Why you don't need to get to the centerline for April's total solar eclipse — and what will happen at the edge

A map showing the circular shadow of the moon passing over the U.S.
The oblique circular shadow of the moon explains how long totality last within the path. (Image credit: Michael Zeiler/GreatAmericanEclipse.com)

North America's total solar eclipse is coming on April 8, 2024, and plans are being made. 

Almost everyone in the continent will see a partial solar eclipse, with the moon taking a chunk out of the sun over a few hours, with only those who live or travel into the path of totality having a view of the sun's corona during darkness in the day. 

It also matters where you are within that path. On average, it will be 115 miles wide (185 kilometers) as it crosses northern Mexico, parts of 15 U.S. states and five Canadian provinces, but those at the center and those at the edge will have a different experience. 

Related: Total solar eclipse live updates 

How the path of totality works 

The path of totality — the moon's shadow as it crosses the sun — will track from southwest to northeast. The longest totality is 4 minutes 28 seconds in rural Mexico when the solar eclipse will be at its highest in the sky. The maximum totality will decrease in duration as the path of totality moves northeast. 

Still, wherever you are, this fact remains: the closer you are to the centerline of the path of totality, the longer totality will last. "You've got these two circles — the bigger moon overlapping the smaller sun," said Dr. Tyler Nordgren, an Ithaca, New York-based astronomer, author of Sun Moon Earth and eclipse artist at Space Art Travel Bureau, in an interview with Space.com. "If you're standing at the edge of the path of that circle, there's only a tiny moment when the sun is completely covered." Conversely, if you're on the centerline, the entire diameter of that circular shadow takes longer to move across you. So, totality lasts the longest. 

Do not stand right on the edge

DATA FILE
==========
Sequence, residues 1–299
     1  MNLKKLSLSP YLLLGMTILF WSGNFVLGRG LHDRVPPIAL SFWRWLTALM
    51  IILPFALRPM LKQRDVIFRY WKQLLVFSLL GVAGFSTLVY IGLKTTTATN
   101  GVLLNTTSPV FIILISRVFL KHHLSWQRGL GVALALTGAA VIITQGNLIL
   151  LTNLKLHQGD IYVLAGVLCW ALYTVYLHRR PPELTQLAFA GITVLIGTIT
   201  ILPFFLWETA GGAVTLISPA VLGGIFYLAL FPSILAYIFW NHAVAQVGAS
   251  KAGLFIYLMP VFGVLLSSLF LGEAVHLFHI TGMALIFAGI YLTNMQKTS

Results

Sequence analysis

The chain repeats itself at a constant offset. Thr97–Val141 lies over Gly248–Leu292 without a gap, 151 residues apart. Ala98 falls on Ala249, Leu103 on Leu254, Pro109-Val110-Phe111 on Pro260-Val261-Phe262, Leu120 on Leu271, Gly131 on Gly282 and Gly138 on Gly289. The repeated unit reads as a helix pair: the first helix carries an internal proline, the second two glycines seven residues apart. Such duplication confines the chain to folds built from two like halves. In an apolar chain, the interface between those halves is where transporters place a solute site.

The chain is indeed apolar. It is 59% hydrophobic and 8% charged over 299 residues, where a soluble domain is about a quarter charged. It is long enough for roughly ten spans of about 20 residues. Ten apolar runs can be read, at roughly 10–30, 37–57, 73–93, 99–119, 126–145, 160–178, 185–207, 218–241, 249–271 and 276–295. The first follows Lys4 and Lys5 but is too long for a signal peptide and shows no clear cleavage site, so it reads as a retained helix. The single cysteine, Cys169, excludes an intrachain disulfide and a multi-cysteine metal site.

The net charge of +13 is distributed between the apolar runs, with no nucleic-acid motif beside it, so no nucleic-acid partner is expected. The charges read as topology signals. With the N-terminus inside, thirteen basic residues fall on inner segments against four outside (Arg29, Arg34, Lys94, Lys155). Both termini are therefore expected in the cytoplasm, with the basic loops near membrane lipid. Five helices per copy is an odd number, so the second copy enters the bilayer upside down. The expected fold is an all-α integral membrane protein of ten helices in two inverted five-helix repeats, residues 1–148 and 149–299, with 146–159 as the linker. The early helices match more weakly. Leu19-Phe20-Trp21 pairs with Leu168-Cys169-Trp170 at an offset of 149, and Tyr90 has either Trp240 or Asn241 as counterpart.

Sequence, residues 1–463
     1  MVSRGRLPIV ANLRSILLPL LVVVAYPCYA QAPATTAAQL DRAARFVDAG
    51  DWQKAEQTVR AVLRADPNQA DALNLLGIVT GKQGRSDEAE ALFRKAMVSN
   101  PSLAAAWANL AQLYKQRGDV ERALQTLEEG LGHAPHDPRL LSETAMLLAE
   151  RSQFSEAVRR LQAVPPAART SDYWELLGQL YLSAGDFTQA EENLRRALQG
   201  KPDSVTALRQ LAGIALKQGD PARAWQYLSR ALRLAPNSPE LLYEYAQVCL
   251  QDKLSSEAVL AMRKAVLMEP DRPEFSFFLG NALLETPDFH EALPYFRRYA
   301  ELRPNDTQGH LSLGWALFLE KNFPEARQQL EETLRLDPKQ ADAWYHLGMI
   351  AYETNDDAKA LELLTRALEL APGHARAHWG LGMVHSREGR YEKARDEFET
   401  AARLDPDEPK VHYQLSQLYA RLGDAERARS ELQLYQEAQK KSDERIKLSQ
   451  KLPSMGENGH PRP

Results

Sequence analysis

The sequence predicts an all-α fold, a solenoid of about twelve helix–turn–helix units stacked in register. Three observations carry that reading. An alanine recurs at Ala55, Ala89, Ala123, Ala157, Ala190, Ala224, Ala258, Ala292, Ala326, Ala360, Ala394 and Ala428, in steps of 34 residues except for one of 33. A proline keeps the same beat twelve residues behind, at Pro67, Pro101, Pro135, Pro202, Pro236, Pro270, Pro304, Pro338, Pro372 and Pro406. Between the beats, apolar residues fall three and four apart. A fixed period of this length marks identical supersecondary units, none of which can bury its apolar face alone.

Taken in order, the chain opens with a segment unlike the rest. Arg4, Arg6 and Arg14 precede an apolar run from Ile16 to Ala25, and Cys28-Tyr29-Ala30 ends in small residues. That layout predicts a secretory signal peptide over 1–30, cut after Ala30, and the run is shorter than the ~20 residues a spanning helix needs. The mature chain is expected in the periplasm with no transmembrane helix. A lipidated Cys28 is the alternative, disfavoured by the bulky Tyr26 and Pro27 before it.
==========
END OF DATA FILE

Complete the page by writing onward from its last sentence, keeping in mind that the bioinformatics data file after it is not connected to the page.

Baily's beads and a diamond ring are all you will see if you stand at the edge of the path of totality.   (Image credit: Chris McKay/WireImage)

"The edge is a weird place," says Nordgren. Being right on the edge of the path of totality is risky because totality can dwindle to nothing. That's because the edges of the path are not flat. The edges of the moon's shadow are a projection of its terrain, bringing great risks. "If there happens to be a crater or a valley on the edge of the moon, then you will not experience totality at all," says Nordgren. 

"You will see Bally's beads and perhaps a diamond ring, but there will not be a moment at which it is completely black." Even half a mile can make a massive difference—you're either in the shadow or not. 

This is not a live issue during most total solar eclipses because most eclipse chasers head into the path in remote areas. However, for this eclipse, some cities are dissected by the edges of the path of totality. For example, the CBD of San Antonio misses out on totality, as does Austin's airport, while only the northern suburbs of Columbus, Ohio, will experience totality. 

Why avoid the centerline?

Although you need to avoid the edges of the path of totality, there is no need to obsess about the centerline. 

The closer you get to the centerline, the less difference it makes in duration. Given that crowds will go to locations right on the centerline, it makes sense to go somewhere just shy of it. You may sacrifice a few seconds of totality, but that does not matter. 

"We have a saying around the planetarium," Olivier Hernandez, Director of the Rio Tinto Alcan Planétarium in Montreal, told Space.com. "Totality always feels like it lasts eight seconds, no matter how long it lasts." 

Besides, totality during America's last total solar eclipse in 2017 topped out at 2 minutes 40 seconds, which is typical. "I am not one of these people that has to get to the centerline of the path of totality," said Nordgren, who has better advice. "Number one, just be in the path of totality, and number two, be where it's clear." 

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Jamie Carter
Contributing Writer

Jamie is an experienced science, technology and travel journalist and stargazer who writes about exploring the night sky, solar and lunar eclipses, moon-gazing, astro-travel, astronomy and space exploration. He is the editor of WhenIsTheNextEclipse.com and author of A Stargazing Program For Beginners, and is a senior contributor at Forbes. His special skill is turning tech-babble into plain English.